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1856 Half Dime

The 1856 half dime is one of the many half dimes minted from 1792 to 1857. These were the first coins struck by the U.S. Mint. Much of the silver at that time came from George Washington. So, what was the evolution of the half dime, or five cent piece?

1856 Half Dime

History of the Half Dimes

The making of pattern coins in 1792 was like a test run of the brand new U.S. Mint in Philadelphia. The coins were approximately 90 percent silver and 10 percent copper. Lady Liberty on the front of the coin had flowing hair and the back had an eagle. These half dime coins were circulated the next year.

After the 1500 pattern coins were made in 1792, the U.S. Mint produced 7,000 half cent coins in 1793. Minting of these Flowing Hair Half Dimes continued until 1795. These early half dimes are rare and feature Lady Liberty with flowing hair surrounded by stars representing the states and the word “Liberty.” The reverse (back side) was the same as the pattern coins, with an eagle. The design was not well received by the public, who thought the hair was too wild and the eagle too scrawny.

From 1796 to 1797, the half dime was called the Draped Bust Half Dime and had a different image of Lady Liberty. There were 15 stars representing the 15 states on the outside of the front. When Tennessee joined the Union in 1797, another star was added. The Mint realized they could not continue adding stars, however, so it reverted back to 13 stars at the end of 1797.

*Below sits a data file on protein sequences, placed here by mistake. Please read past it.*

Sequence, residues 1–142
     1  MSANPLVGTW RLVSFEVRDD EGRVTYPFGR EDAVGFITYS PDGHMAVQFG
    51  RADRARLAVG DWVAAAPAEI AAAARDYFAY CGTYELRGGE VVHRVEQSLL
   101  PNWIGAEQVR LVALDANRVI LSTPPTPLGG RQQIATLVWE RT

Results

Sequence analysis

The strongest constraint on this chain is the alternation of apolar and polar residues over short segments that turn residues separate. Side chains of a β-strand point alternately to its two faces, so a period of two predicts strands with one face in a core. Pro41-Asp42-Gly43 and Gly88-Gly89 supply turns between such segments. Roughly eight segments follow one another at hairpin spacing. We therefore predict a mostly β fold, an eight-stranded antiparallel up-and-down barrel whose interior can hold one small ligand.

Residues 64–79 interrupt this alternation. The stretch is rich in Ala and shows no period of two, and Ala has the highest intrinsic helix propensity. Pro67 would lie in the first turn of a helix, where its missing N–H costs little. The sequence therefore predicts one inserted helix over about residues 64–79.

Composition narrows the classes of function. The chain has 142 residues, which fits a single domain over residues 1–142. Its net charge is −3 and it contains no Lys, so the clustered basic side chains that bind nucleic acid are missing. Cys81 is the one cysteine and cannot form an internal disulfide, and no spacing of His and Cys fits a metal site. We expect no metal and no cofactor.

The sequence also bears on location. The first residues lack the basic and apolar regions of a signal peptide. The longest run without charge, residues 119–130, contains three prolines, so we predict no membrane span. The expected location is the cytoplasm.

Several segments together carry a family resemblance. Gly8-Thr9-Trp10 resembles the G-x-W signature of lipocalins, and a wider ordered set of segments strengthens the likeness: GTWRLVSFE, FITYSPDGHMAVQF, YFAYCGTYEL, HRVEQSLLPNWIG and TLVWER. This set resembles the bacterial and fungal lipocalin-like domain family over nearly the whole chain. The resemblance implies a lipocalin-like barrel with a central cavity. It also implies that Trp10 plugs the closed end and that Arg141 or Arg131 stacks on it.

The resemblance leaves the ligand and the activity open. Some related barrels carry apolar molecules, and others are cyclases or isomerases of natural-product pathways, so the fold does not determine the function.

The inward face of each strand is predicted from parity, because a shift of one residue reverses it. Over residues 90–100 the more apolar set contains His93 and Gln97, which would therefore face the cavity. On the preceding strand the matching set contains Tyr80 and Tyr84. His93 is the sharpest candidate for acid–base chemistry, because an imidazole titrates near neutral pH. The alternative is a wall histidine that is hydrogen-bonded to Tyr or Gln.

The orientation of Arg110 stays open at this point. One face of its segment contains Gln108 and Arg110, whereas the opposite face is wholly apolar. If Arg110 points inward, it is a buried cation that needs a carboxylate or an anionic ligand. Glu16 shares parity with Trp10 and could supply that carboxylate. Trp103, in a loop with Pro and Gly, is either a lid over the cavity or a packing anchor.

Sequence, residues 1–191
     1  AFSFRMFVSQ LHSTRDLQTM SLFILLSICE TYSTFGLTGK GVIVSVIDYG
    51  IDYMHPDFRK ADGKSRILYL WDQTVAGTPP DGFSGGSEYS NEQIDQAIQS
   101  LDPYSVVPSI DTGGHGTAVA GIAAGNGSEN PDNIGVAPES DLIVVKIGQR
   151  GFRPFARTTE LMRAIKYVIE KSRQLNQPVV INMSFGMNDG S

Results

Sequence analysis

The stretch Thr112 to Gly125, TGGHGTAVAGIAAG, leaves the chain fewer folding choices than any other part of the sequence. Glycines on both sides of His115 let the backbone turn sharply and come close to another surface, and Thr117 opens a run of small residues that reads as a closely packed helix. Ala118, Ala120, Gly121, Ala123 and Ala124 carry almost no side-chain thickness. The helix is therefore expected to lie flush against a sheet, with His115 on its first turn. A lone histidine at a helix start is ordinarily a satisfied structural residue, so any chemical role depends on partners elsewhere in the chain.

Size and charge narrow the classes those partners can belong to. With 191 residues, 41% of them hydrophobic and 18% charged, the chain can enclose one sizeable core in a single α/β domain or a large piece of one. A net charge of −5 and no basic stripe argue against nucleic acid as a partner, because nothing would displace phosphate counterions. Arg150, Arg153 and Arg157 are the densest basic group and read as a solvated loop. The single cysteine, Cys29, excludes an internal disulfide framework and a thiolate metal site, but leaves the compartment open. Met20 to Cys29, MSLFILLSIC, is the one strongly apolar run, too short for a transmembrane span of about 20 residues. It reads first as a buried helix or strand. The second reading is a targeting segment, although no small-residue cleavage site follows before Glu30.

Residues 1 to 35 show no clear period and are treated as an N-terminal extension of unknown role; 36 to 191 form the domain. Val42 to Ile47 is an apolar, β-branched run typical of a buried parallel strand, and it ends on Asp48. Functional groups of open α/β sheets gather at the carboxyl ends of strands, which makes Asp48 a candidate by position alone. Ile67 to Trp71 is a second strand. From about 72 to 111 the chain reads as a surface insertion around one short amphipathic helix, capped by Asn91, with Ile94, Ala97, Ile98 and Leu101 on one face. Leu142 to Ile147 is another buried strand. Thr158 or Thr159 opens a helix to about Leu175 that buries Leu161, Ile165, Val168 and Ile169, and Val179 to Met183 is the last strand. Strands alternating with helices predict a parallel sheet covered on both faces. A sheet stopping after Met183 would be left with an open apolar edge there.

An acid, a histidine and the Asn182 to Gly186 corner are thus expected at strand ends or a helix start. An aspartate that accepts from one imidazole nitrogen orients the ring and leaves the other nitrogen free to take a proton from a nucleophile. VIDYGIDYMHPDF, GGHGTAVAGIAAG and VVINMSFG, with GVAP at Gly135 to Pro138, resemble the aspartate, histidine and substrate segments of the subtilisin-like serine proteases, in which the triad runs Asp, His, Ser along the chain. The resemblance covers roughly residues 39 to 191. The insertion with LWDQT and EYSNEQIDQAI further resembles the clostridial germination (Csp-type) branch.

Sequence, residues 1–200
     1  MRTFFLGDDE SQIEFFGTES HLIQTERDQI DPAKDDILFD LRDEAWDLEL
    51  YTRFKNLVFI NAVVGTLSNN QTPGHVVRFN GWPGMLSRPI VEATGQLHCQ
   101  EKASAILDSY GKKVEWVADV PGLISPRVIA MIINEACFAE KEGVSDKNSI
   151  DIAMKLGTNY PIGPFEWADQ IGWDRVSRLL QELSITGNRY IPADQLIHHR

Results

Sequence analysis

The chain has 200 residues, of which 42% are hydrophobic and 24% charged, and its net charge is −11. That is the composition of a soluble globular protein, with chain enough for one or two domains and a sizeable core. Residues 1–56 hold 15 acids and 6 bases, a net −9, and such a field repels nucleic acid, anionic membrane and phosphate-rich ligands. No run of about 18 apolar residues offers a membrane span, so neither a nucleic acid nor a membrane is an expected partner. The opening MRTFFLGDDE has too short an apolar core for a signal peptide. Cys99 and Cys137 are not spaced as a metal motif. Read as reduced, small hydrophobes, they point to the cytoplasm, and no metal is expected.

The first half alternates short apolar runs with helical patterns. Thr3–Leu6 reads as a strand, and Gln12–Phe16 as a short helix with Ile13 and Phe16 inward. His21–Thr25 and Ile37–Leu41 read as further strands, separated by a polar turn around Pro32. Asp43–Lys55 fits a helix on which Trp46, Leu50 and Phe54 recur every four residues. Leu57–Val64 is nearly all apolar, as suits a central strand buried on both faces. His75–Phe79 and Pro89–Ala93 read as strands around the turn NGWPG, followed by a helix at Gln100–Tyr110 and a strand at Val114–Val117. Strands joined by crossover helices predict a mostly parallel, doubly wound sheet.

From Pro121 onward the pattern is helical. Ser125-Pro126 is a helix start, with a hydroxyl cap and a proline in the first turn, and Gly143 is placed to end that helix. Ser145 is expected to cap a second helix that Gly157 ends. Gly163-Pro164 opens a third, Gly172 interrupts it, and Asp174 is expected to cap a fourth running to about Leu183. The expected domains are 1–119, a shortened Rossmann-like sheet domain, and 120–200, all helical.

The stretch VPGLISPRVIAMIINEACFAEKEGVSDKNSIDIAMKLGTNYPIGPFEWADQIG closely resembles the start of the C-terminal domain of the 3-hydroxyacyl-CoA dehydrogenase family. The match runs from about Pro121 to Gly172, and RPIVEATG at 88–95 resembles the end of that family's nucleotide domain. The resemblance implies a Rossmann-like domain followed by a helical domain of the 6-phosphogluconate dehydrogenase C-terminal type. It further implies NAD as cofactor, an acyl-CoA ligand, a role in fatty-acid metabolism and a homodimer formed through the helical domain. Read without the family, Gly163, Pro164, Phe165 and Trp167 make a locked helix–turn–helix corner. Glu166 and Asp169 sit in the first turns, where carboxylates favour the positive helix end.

The Draped Bust Half Dime with the Heraldic Eagle Reverse was minted from 1800 to 1805. The reverse of the coin had a bigger eagle with a shield in front of him from the Great Seal of the United States.

Between 1805 and 1829, no half dimes were produced. From 1829 to 1837, the half dime showed Lady Liberty with a liberty cap, so it is called the Capped Bust Half Dime. The reverse showed the eagle off center with the words “United States of America” and inside those “e pluribus unum” surrounding the eagle.

The Seated Liberty Half Dime was minted from 1837 to 1873. On the front was a seated Lady Liberty, with a staff that had a liberty cap at the top. To her side is a shield with the word “Liberty” on it. The reverse had the words “half dime” with a laurel wreath around it. Some of these coins had stars on the front and some did not. Some had the words “United States of America” on the reverse and some just had a larger wreath.

The 1856 half dime had the stars on the obverse and the words “Half Dime” in the center of the reverse, with the laurel wreath surrounding it and “United States of America” on the outside.

You are probably wondering when nickels were produced. During the 1860s, lobbyists pushed for the production of coins made of a nickel and copper alloy. These coins were minted in 1865 in three cents and five cents denominations. They contained 75 percent copper and 25 percent nickel. By 1873, the decision was made to stop producing the half dimes and nickels were here to stay.

The 1856 Half Dime

The U.S. Mint in Philadelphia produced 4,880,000 1856 half dimes while the U.S. Mint in New Orleans produced 1,100,000. The mint mark from New Orleans is an O and the Philadelphia Mint used no mint mark. The half dime from 1856 weighed 1.24 grams and was 90 percent silver and 10 percent copper. It was about 15.5 mm in diameter and was reeded on the edge, meaning it had grooved lines.

The value of a half dime from 1856 in good condition from Philadelphia would be around $14 and $15 if it was from New Orleans with an O mint mark. A mint state half dime, which is a near perfect coin, would go for about $156 if it was from Philadelphia and $480 if it was from New Orleans.